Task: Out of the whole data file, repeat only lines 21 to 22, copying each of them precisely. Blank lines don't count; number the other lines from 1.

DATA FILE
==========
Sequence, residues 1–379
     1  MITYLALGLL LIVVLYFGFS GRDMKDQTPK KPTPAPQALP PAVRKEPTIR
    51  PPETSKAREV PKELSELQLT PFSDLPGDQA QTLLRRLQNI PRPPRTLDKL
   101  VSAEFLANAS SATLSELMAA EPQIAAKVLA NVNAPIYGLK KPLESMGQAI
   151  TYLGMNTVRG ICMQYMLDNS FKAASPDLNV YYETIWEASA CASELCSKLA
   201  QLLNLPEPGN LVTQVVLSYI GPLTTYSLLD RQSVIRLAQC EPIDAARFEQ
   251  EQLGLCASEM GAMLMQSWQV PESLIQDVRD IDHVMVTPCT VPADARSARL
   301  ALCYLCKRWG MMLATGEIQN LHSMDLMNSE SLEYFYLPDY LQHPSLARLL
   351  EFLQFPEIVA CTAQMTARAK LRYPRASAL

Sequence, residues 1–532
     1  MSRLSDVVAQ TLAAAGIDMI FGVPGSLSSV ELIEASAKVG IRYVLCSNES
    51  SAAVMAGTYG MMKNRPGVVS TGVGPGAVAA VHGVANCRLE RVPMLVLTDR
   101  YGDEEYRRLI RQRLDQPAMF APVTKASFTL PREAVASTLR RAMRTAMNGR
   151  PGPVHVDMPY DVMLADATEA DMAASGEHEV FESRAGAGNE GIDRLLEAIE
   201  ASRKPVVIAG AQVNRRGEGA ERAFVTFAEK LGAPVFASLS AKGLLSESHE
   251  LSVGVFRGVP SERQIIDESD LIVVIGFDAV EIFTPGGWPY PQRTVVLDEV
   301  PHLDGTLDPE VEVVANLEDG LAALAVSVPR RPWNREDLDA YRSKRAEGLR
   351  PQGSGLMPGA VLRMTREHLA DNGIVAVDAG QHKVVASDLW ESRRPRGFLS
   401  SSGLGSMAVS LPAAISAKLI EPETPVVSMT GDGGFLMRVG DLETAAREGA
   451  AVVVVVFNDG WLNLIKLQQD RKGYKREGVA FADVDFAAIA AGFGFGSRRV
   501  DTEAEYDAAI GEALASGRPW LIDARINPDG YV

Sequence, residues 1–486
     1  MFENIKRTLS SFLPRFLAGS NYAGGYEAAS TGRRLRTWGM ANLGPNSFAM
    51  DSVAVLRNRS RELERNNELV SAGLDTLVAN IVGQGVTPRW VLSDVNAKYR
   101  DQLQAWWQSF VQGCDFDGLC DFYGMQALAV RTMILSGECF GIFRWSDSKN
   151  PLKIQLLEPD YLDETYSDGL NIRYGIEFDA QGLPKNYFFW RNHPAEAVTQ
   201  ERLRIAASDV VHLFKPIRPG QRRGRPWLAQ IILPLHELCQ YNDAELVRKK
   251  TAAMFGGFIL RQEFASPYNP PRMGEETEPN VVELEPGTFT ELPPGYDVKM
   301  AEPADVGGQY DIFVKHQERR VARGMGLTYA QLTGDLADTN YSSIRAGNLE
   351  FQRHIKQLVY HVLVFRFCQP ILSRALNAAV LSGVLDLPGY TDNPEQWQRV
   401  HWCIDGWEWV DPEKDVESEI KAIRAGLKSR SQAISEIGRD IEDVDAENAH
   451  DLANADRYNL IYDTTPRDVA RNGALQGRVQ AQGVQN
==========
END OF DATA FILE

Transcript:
   501  DTEAEYDAAI GEALASGRPW LIDARINPDG YV

Sequence, residues 1–486